Turning first to the contract rights of the plaintiff which have been violated by the defendant, we are of opinion that so far as the specified articles, viz., "all kinds of crayons, pastels, oil and water color paints, pencils, pens and erasers," are concerned the Prang-Maine gave up everything of a Prang name, character or mark to the American. This they have not done. While Prang-Maine, and therefore Prang-Delaware, were allowed, under certain circumstances mentioned in the contract, to sell such articles when made by other makers, they could only do so when such goods were disassociated in the minds of the public from the name Prang. This is has not done. Instead of taking the goods of other makers and selling them in cartons and containers bearing the names of such other makers, and otherwise identifying the goods as non-Prang in origin, they have used cartons which resembled those of the original Prang-Maine ones. They have not placed the name of the real makers on them. As their own corporate name included the word "Prang" and they did business under a Prang corporate name, confusion and misleading in the minds of buyers inevitably followed. Prang-Delaware has used the words "Prang monogram." The Prang-Maine Company had, prior to its sale to American, used on its containers of colored paper the trade name "Prismex" and had advertised such paper as "Prang's Prismex Papers." This trade-name the Delaware Prang Company wrongfully appropriated, using the slogan "When you see Prismex think of the Prang Company," and "Prismex is the new name for the old Prang quality." We agree with the court below that Prang-Delaware "so advertised that slogan and definition as to make Prismex a synonym for Prang," and that "the use under these circumstances of the word Prismex on defendant's paint and crayon boxes was the equivalent of the use thereon of the forbidden word "Prang." Moreover, they have used a carton of the same size, color, and indentation as the original Prang boxes. They have omitted to place thereon the name of the company whose product it and its contents are, and on such box they have placed the Prang monogram. All these acts were in violation of the contract, and continuance thereof should be enjoined.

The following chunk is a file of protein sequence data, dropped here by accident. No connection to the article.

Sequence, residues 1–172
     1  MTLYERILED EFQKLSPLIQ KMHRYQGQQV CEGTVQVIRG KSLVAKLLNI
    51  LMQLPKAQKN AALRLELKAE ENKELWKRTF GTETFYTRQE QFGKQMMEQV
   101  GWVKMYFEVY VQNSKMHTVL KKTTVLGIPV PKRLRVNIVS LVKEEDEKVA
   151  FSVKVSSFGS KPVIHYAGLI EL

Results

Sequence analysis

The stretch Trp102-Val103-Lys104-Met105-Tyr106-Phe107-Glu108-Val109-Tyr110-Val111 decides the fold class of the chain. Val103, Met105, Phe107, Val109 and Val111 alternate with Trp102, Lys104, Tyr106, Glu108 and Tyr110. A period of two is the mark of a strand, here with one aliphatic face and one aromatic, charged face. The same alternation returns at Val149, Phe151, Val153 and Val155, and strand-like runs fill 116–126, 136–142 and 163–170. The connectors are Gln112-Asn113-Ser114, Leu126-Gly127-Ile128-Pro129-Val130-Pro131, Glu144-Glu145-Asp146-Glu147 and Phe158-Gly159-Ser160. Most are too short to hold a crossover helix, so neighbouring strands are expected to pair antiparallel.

On the counterclaim we think the defendant is also entitled to injunctive relief. The contract, as we have noted, was not allinclusive as regards Prang products, but only included "crayons, pastels, oil and water color paints, pencils, pens and erasers." But instead of confining its Prang rights to such specified articles, the plaintiff has claimed a virtually exclusive right to all articles of school and artist use. For example, Prang-Maine had, prior to the contract, made and sold a paste labeled and known as "Stixit" or "Prang Stixit." Such paste, or indeed any paste, was not included in the sale, yet the plaintiff, before the bill was filed, changed the named of its paste "Kroma" to "Stixmore" obviously for the purpose of appropriating the "Stixit" or "Prang Stixit" paste and good will which the Maine-Prang did not assign by the contract and therefore retained. So also modelling clay was not covered by the contract, and Maine-Prang was entitled to market its clay by the name "Permodello" or "Prang Permodello," and defendant's right to make and market such clay as a Prang product the plaintiff wrongfully sought to take away by dropping the first syllable of defendant's name "Perm," and retaining the second "Dello." In these regards, an injunction should issue against the plaintiff. Without referring in detail to the several other questions raised, all of which have been duly considered, we confine ourselves to one other point, namely the dismissal of both bills on the ground that both parties have been guilty of improper conduct. While we agree with the court that both parties are at fault, in that each has violated the provisions of the contract, we regard such conduct as the almost inevitable sequence of an attempt by contract to separate and divide the use of a single name in trade. The unwisdom, indeed the almost impossibility of such a splitting up of an earmark of trade is apparent, but all the same both parties agreed to do it initially. Both helped to create the confusion, and the consequent violation of rights may possibly be attributed more to business zeal and insistence on supposed rights than to rank dishonesty.

The order dismissing both complaints will be vacated, and the cause remanded for the issue of injunctions in accordance herewith. Under the circumstances, the costs in this and the court below will be ...